Faculty Congratulations Dr. Brook Davis (Theatre) and Ms. Sharon Andrews (Theatre) presented “Our Reality: The Story of Us and Them,” at the Mid-Atlantic Theatre Conference in Kansas City, Missouri, March 4, 2005. Davis and Andrews also jointly received the Teaching and Learning Center Innovative Teaching Award recently. Dr. Michaelle Browers (Political Science) presented “The Emergence and Submergence of Women in the Political Discourse of Arab Nationalists and Islamists” at the “Women's Activism and the Public Sphere: Local/Global Linkages Workshop” at the Mediterranean Social and Political Research Meeting, the European University Institute, Florence, March 16-20, 2005. Browers also presented “Theorizing Gender and its Absence in Arab Debates over Civil Society” at the Social Science Research Council and American University of Beirut Conference on Public Spheres in Beirut, Lebanon, October 22-24, 2004. Browers had two articles published: “The Secular Bias of Ideology Studies and the Problem of Islamism,” Journal of Political Ideologies 10:1 (February 2005), pp. 75-93, and “Shahrur’s Reformation,” Historical Reflections/Réflexions Historiques 30:3 (Fall 2004), pp. 445-67. Browers will be taking a group of students to Fez, Morocco, during the first summer session to engage in a cultural immersion experience and a study of language, gender, identity and socio-political change in that country. Dr. Michele Gillespie (History) had an article published: “Antebellum Southern Women’s History,” in Blackwell Companion volume on The Civil War and Reconstruction, edited by Lacy Ford , London and N.Y.: Blackwell, 2004; “The Politics of Race and Gender: Mary Musgrove and the Georgia Trustees," Reprinted from Clinton and Gillespie, eds. The Devil's Lane in Mary Beth Norton, Major Problems in American Women’s History, 3rd edition, Boston: Houghton Mifflin. Dr. Angela Hattery (Sociology) and Dr. Earl Smith (Sociology) presented “The Dirty Little Secret: Intimate Partner Violence in the African American Community,” January 28, 2005, Miami, Florida. Hattery and Smith developed and are teaching this semester a new First Year Seminar course, “Gender, Power and Violence in Four Institutions: Fraternities, the Military, Sports, and Prisons.” Dr. Mary DeShazer (English/WGS) is teaching in London this spring. She will return in the fall to teach WGS 221: Issues in Women’s and Gender Studies with Gary Ljungquist (Salem College), and WGS 377: U.S. Women Poets. Dr. Charles Richman (Psychology) will participate in a symposium, “American Jewish and Black Relations: Current and Past,” at the American Education Research Association in April 2005, Montreal, Canada. He will conduct a workshop, “Self-Defense for Women,” at the 13th Annual Congress on Women’s Health, June 2005, Hilton Head, SC. Richman wrote a book chapter for “Black and Jewish Americans: Myths or Facts (2005); in, Hughes, S. What We Still Don’t Know About Teaching Race. He has developed two new courses, “Contemporary Issues: Psychology and/or/versus Religion,” Spring 2005, and “American Jewish Experience,” Spring 2006. Mr. Shannon Gilreath (Law/Divinity) will teach a new special topics course this fall in WGS, Sexuality and the Law. Gilreath’s new book, Sexual Politics: The Gay Person in America Today, has been accepted for publication by University of Akron Press. It will appear in the fall of 2005.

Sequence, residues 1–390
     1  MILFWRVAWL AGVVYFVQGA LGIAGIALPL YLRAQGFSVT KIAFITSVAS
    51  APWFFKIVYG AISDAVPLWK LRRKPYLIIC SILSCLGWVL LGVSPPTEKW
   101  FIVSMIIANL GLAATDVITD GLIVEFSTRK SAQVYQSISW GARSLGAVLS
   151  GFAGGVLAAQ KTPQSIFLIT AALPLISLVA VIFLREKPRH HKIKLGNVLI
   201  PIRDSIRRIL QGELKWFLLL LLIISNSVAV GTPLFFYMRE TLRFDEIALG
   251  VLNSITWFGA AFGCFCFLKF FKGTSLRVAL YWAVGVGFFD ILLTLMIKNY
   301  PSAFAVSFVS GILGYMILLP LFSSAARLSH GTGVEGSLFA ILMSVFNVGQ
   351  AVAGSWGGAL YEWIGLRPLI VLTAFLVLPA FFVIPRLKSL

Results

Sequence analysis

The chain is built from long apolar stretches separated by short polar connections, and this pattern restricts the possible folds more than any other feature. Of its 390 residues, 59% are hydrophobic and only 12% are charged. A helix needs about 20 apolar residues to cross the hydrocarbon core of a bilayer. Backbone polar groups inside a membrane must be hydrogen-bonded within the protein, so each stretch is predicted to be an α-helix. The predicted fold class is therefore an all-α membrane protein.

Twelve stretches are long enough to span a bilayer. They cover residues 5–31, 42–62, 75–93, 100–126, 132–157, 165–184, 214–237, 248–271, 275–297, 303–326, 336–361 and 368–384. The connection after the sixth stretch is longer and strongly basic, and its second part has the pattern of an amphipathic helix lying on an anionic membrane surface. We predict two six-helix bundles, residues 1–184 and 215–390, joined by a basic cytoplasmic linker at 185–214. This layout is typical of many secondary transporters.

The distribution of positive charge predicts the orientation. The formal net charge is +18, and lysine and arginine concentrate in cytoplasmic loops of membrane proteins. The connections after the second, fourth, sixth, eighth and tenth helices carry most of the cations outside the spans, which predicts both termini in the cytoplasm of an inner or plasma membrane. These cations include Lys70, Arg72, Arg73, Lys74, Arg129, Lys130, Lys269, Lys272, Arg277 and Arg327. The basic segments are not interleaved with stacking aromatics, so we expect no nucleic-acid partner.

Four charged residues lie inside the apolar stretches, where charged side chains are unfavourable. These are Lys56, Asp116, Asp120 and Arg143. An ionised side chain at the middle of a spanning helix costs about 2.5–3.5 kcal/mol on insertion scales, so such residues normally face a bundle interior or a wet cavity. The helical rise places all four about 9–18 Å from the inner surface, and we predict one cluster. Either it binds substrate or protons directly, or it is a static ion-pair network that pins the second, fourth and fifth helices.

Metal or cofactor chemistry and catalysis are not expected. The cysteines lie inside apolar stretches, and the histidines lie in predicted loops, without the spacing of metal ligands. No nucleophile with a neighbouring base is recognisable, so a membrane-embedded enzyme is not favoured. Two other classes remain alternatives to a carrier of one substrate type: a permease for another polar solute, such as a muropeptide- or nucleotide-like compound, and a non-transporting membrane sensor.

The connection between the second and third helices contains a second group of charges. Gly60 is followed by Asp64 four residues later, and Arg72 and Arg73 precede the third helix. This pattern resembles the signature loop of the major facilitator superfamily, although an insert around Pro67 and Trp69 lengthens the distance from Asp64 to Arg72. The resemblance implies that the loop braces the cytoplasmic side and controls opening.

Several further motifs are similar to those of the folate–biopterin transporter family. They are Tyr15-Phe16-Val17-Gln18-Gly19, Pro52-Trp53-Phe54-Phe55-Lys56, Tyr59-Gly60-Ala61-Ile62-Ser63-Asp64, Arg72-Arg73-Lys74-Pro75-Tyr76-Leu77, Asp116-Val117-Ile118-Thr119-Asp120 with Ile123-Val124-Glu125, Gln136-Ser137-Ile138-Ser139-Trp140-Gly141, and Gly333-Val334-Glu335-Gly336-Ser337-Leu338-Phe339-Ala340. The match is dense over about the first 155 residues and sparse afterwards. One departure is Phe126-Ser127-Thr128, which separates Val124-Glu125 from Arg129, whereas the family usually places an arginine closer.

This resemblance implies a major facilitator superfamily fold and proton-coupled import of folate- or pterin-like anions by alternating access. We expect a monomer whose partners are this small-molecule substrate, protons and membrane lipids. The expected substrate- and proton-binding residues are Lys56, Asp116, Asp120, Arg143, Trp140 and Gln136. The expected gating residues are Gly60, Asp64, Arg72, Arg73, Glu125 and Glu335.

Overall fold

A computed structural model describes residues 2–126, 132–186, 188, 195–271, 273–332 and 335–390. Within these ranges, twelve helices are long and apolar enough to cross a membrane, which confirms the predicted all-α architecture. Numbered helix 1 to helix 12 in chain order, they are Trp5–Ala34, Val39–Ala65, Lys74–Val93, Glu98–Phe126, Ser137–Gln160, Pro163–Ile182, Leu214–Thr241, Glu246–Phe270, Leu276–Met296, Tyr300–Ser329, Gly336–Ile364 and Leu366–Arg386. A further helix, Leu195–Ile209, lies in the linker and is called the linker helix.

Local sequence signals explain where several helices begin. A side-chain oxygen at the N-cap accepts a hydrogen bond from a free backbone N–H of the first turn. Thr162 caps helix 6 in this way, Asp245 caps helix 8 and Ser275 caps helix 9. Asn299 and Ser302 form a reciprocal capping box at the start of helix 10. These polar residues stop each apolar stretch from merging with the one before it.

News from and about our Minors Jenny Billings (’06) is Co-President of the English Student Alliance, Editor of Can I Poet With You, a literary magazine, an Old Gold and Black student newspaper columnist, and a member of College Republicans. A Dean’s List student each semester at WFU, Jenny is a Junior Achievement participant/leader, a teacher's assistant in two Winston-Salem Middle Schools, leader of 'Cover to Cover' book club for teens, and a mentor/volunteer at the Hand to Hand Resource Center. Since joining Weight Watchers in March of 2004, Jenny has lost over 110 pounds! Leighton Britton (’05) currently interns with the Development Director of AIDS Care Service, Inc., in Winston-Salem where she is gaining experience in grants writing, fundraising, and non-profit development. She plans to pursue a career in this field. Leighton is on the Dean's List and volunteers with Big Brothers/Big Sisters. Sarah Clore (’05) has applied to Teach for America after graduation. She would like to move to sunny California and do something both fun and meaningful with her life!! Heather Hobgood (’05) plans to attend UNC-Charlotte after graduation to obtain paralegal certification, and then work as a paralegal before going to law school. Sarah McArver (’05) will be attending Washington University, St. Louis, in the fall to pursue a masters degree in social work. Sarah was awarded a $20,000 scholarship for her two years of study. Kaycie Newbern (’05) is returning to Jackson Hole, WY, for a year after graduation. She then plans to go to law school. Anjali Garg (’05) will be working as a Fellow at the Office of Rural Health Policy in the Department of Health and Human Services in Washington, DC, before attending graduate school on a merit-based Truman Scholarship for students who plan to pursue careers in government or public service. Meredith Gallaspy (’05) is a Dean’s List student and is completing an internship in the Domestic Violence Unit at Legal Services of North Carolina, Inc. Her plans are to move to Washington, DC, after graduation and work for a non-profit organization. -3-